The day was filled with performances including Can-Can dancers, a marching band, and Les Petits Chanteurs de Monaco (school boys who sounded like angels). Everyone seemed to be having a good time even if the humidity made it a tad uncomfortable.

The highlight for me was running into singer/actor Patrick Bruel whose photo I quickly snapped (I felt like a member of the paparazzi). If you're not familiar with his work, you should check him out (he's performing in New York on November 1).

There was a surprise waiting for me when I got home and started to look through my photos. While attempting to photograph the balloon man, I unknowingly took a photo of the legendary Bill Cunningham. At first elated, a second later I realized I probably ruined his shot. So apologies, Mr. Cunningham. If I had been paying more attention, I would have moved out of the way.

Leaving the event, there was one last special treat in store. Across Fifth Avenue, next to the park, was a collection of classic Citroëns, many of which had Quebec plates. It was such a delight to see the various models and all their different colours. Wouldn't it be lovely if everyone drove cars like these?

So Vive La France and Happy Bastille Day!

09 July 2014

Painting Food



What do marmalade, Stilton cheese on a digestive, trifle, and a cup of PG Tips have in common? They're all quintessential British foods, which for some may conjure up images of a faraway homeland or for others simply remind them of what’s in their pantry. Artist Joël Penkman has reproduced these along with many other British food favourites in a series of delightful paintings.

Born and raised in New Zealand and now living in Liverpool, England, Penkman hopes that her paintings will “make people smile.” Some of the works are pretty (summer fruit jelly) while others cause a brief shudder (black pudding—so wrong). All of them are incredibly detailed with some appearing at first glance to be a photograph.



"Sriracha Hot Chili Sauce" Joël Penkman

Have no ties to British cuisine? Not to worry because she also has an American series, which was commissioned for the book A Taste of America by Colman Andrews. Looking at the items representing the 50 states, there were some that I was unfamiliar with—Maytag blue cheese from Iowa, smoked catfish pate from Mississippi, Mayhaw jelly from Georgia, Goetta sausage from Ohio—while others I knew very well—Sriracha hot chili sauce from California, maple candy from Vermont, Kona coffee from Hawaii, a box of baked goods from Two Little Red Hens in New York. The one downside of looking at Penkman's work is it will make you hungry; "Biscuits in a line" made me want to run down to Myers of Keswick and grab a packet of Bourbon biscuits.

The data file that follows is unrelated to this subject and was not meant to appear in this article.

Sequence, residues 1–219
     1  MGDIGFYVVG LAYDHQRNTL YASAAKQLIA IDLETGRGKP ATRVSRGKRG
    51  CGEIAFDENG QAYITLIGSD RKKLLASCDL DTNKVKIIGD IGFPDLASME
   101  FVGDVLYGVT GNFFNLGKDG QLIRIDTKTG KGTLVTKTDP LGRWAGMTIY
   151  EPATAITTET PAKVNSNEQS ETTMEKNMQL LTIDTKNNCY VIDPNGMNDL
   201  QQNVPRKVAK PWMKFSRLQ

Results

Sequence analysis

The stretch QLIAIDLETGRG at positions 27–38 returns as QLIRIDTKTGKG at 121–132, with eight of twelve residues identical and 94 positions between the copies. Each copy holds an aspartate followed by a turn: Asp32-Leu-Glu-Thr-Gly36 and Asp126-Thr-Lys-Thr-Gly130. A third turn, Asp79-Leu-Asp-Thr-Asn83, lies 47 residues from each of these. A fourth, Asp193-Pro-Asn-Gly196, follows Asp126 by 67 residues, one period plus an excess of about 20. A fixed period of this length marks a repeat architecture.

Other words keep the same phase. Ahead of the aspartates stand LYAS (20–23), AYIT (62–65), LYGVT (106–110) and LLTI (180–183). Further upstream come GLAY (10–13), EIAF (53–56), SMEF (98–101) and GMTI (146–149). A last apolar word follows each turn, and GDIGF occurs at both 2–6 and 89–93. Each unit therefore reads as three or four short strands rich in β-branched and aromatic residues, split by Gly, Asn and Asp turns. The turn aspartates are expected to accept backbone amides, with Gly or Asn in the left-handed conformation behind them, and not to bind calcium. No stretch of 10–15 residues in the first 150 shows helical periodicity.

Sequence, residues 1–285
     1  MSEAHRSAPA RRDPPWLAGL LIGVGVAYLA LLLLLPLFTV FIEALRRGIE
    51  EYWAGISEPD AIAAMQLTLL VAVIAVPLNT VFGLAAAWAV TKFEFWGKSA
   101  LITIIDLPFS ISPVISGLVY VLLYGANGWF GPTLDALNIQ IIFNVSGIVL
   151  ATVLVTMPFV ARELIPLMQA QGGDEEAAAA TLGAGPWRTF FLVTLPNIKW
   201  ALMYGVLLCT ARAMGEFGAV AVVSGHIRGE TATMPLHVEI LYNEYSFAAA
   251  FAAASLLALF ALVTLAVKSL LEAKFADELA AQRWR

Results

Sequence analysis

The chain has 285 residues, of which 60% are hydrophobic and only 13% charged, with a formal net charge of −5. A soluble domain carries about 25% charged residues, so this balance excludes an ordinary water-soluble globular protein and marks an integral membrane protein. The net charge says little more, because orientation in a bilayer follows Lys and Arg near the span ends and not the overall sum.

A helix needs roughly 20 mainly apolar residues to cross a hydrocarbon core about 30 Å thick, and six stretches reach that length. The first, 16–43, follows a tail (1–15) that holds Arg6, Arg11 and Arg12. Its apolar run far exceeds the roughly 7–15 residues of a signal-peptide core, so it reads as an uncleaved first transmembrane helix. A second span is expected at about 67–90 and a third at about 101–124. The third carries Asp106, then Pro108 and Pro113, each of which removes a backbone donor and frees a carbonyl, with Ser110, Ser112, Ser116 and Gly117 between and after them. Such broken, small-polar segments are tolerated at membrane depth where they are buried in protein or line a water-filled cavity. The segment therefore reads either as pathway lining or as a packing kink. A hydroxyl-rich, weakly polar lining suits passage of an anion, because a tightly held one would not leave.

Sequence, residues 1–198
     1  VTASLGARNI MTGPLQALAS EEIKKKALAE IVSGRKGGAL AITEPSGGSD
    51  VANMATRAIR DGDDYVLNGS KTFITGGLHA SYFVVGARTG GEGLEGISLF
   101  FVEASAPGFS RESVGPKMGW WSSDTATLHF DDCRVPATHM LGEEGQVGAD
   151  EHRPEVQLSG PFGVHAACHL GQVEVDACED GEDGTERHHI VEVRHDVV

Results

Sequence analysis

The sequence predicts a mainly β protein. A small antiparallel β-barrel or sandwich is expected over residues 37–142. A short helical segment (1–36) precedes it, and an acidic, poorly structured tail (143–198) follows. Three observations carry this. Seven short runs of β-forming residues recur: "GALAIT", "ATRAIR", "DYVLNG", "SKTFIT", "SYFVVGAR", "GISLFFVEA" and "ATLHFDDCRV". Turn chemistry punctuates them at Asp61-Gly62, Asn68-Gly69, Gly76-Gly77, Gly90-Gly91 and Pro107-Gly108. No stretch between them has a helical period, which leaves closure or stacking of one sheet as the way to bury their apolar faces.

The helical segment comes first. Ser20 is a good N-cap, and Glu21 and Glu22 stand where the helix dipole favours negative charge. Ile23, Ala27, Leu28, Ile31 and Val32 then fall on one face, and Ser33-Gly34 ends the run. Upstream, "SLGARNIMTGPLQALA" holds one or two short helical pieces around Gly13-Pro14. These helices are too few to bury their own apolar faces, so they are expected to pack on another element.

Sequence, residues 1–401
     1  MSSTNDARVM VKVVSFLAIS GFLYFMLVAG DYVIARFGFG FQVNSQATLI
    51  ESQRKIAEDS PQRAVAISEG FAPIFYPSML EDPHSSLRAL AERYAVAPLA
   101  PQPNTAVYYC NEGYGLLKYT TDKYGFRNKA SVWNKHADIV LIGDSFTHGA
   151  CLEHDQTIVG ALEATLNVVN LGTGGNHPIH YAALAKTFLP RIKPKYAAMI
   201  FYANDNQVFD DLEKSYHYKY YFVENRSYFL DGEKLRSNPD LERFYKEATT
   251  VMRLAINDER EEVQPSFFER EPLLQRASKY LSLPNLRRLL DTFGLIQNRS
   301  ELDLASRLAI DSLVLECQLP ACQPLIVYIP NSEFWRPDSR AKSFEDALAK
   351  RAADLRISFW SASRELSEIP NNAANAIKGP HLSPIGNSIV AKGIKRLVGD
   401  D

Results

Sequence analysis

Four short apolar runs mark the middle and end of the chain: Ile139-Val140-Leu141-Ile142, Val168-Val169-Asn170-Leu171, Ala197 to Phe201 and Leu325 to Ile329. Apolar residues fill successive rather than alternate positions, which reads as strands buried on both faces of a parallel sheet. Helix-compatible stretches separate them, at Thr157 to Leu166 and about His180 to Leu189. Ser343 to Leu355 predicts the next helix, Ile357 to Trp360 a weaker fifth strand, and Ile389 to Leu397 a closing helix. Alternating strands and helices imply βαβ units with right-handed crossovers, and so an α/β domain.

Prints as well as some of the original paintings are available for sale so you can hang some fish fingers (sorry they come with ketchup not custard) on your wall or a good old American glazed donut. To see all of Penkman's series, visit her website here.

07 July 2014

Capa Covers the Tour de France




This weekend saw the start of the 101st Tour de France. Covering a total distance of 2,277 miles, this year’s race began in Leeds (UK) and will go through parts of Belgium, France, and Spain before finishing in Paris on July 27. 

While fans today can watch television coverage of the race, in the early days one had to rely on photographs in the newspaper or a magazine to tell the story. In 1939, Paris Match hired Robert Capa to shoot the 33rd Tour de France. Having just returned from covering the Spanish Civil War, it must have been a welcome change for the young photographer. 

With war clouds gathering, Germany, Italy, and Spain all declined to participate that year. Yet even in such tumultuous times, the race went on. Taking place July 10-30, the race covered 2,625 miles through France and Monaco, and was won by Belgian Sylvère Maes. It would be the last Tour de France until 1947.

Capa spent most of the 20 days shooting from the back of his friend, Taci’s, motorcycle, not the safest means of transport. While Capa’s resulting photos appear to focus more on the spectators and the cyclists off their bikes (not to mention his fellow photographers) than on the actual race itself, he still managed to capture the determination and camaraderie of the competitors as well as the genuine enthusiasm of the crowds as witnessed in the delightful photos above (I like to believe they were cheering on Monsieur Pierre Cloarec, whose bicycle shop they are standing in front of, but who can know for sure?). 





To see more of Capa's images of the 33rd Tour de France, visit here

04 July 2014

Happy Fourth!

Clara Bow

It's raining here in New York but the show must go on so it looks like fireworks as usual over the East River this evening. I spent the day with my friend and her twins at the New York Historical Society where we made tricorne hats and read Madeline in the "Madeline in New York: The Art of Ludwig Bemelmans" exhibit. Afterwards we headed over to the Time Warner Center for lunch at Bouchon Bakery where we had a nice view of rain-drenched Columbus Circle. Have a wonderful weekend and a Happy Fourth of July!